The same goes for the photographer. Every shot is a one-time-chance. Let me quote Minoru Hatanaka, saying about the Tokyo based performance group Dump Type that it is all about "a move from an attitude of viewing to that of experiencing the piece bodily." The founder of Dump Type, Teiji Furuhashi once stated, that "The important thing is not in remembering words, but in how you yourself recompose these words into reality - in how you make memories into something of your own." I couldn't find better words. I am offering an image, my personal interpretation of an ongoing process. The spectator is asked to recompose the image into his or her own landscape of perception and understanding.
Why dance... Fitting a cliché, I would say it is for the beauty of it. But when I talk about beauty, I am not talking about prettiness. A pretty picture is not necessarily beautiful. Beauty inherits both, dark and bright aspects of one soul and that is where the story begins. Such beauty is not limited to dance. It certainly is not. I find beauty everywhere, depending on what I am open to look at, what aspect of reality I am drawn towards to. A fruit seller on a market can be the most touching artist and beautiful in the way he puts together a pile of oranges. So does a child, passionately drawing on a piece of paper, or a couple kissing good-bye. Dance is everywhere and the world is a single stage by itself, once there is a decision to perceive it in such a way.
Dancers Emio Greco and Barbara Meneses Gutierrez, Vienna 2005. Laurent Ziegler
AI: You refer to your photographs as un-still, the movement is captured in the immobility of your images, what is the intrinsic meaning of this?
Yes, I guess it is about the immobility of images to move since a picture is a still. And yet such captured moments move very much, indicating time and change. un|still is also the title of a web project I started in the late nineties. At www.unstill.net you find a selection of recent work, put up as some kind of virtual gallery to wonder through and to explore.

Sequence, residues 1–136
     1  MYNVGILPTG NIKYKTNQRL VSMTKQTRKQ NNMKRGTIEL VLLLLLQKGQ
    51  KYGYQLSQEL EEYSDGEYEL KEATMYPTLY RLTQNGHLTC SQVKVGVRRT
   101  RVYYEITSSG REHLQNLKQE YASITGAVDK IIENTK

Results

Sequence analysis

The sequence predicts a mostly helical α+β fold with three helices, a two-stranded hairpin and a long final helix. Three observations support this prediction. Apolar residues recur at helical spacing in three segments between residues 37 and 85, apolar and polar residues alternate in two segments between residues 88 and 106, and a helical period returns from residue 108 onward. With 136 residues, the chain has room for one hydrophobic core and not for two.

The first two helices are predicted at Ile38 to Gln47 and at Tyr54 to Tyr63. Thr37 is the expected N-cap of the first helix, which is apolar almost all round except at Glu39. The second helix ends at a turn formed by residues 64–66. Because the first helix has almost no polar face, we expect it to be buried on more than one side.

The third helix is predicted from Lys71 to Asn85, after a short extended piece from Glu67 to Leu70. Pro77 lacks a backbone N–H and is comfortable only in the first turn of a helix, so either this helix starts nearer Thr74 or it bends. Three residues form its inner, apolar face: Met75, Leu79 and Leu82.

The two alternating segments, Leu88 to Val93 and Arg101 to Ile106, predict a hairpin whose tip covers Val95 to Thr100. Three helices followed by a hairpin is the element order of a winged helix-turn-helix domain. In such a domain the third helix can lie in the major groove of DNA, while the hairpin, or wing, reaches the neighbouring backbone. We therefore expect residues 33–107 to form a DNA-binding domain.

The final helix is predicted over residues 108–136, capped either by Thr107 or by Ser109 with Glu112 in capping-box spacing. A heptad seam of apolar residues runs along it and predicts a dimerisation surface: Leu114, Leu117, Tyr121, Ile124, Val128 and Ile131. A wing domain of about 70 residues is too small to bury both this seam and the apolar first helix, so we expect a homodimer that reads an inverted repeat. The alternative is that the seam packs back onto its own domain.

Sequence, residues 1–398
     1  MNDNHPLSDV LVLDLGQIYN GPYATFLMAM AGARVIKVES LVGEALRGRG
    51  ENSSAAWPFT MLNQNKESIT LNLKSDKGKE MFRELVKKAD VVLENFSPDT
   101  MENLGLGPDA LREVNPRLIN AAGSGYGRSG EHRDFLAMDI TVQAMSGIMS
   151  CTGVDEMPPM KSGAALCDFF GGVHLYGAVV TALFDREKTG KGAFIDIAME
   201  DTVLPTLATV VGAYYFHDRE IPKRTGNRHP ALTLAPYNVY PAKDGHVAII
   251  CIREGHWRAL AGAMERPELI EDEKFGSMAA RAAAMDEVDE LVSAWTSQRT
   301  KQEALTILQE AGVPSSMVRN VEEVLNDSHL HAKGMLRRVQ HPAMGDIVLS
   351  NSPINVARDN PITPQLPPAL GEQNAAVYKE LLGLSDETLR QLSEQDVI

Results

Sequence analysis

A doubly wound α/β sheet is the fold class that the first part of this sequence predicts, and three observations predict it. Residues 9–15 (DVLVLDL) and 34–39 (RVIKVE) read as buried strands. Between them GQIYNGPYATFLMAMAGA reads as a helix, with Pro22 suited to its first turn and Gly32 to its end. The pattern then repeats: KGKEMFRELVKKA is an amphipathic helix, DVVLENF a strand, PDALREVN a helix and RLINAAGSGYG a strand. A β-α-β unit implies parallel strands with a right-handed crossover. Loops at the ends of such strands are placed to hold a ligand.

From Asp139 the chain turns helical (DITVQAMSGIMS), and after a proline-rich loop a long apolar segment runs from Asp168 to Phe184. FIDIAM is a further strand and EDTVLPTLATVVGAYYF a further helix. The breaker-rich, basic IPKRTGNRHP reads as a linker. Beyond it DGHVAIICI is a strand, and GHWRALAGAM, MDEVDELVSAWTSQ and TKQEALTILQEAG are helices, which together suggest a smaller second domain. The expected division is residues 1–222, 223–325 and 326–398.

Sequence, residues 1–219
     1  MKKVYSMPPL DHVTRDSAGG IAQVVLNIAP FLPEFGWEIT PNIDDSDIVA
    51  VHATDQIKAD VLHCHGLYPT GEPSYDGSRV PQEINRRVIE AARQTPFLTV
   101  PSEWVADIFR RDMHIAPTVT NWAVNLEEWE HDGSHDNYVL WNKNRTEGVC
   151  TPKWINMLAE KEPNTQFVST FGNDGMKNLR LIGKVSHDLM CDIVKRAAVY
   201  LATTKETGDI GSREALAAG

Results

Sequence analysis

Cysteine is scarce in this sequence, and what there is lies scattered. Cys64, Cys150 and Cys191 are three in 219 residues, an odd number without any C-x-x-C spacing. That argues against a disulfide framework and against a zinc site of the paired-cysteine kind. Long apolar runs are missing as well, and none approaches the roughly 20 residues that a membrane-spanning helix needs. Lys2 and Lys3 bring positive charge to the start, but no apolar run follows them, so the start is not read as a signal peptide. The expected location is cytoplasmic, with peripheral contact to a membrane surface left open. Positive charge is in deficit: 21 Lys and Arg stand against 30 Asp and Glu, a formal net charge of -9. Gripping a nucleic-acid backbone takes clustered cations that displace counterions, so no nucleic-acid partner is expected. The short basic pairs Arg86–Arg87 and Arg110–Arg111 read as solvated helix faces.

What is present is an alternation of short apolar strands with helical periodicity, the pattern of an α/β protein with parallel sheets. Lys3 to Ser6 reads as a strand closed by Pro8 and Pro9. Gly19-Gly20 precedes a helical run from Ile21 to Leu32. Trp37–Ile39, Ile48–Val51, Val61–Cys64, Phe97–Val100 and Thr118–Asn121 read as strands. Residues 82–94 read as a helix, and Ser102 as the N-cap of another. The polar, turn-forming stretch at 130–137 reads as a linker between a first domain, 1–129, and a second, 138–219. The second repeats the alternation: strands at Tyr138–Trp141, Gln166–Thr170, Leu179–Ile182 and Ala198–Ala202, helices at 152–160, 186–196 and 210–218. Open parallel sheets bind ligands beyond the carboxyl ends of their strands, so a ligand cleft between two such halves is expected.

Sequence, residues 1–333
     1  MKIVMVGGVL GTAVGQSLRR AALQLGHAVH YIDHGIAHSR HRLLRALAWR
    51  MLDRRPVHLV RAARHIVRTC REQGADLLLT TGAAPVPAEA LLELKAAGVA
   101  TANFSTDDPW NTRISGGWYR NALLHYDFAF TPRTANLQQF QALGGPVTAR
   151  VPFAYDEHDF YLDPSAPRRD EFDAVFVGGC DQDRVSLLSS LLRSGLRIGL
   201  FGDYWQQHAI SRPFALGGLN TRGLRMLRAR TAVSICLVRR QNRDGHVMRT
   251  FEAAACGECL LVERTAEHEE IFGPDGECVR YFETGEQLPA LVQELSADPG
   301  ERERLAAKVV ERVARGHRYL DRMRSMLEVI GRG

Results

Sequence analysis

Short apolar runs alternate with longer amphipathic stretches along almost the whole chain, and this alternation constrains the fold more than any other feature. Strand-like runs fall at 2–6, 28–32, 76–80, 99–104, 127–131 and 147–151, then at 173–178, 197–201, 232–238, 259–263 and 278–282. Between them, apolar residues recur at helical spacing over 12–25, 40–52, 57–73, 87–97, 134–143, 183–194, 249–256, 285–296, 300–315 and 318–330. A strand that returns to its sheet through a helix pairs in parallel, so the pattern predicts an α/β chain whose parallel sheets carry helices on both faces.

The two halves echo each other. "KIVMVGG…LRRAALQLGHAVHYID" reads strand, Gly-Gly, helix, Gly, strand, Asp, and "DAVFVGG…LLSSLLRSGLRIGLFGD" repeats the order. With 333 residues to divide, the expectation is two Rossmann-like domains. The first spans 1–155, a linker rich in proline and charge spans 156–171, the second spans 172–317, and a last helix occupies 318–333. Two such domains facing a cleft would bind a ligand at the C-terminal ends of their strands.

AI: Have you ever thought about combining photography with performances or video installations?
I began designing concepts for video installations in 2005. I am currently preparing a performance piece for two dancers, Sengiku Bando and Ryohei Kondo, both based in Tokyo. The project aims at opening up the traditional settings of a theatre and creating a story telling with various spacial and visual entities. The artists and the spectators share the same space and travel along given points, indicating the passing and alteration of time. Video walls are set up as an additional carrier, pre-recorded memory based material is put on the same time horizon with the live performance.
AI: Have you been able to achieve through photography what you are striving for?
Even in our over saturated world, photography remains a powerful media,versatile in every way. With my recent work I feel able to communicate stories, touch people and have them taken by surprise for a single moment. This is my biggest goal, to reach out and have a spectator discover something unexpected, a language that might be unknown and yet is fully understood from the inside.
AI: Mr. Ziegler, thank you for this interview.
More information on Laurent Ziegler and his photography is available on the artist's web site: www.unstill.net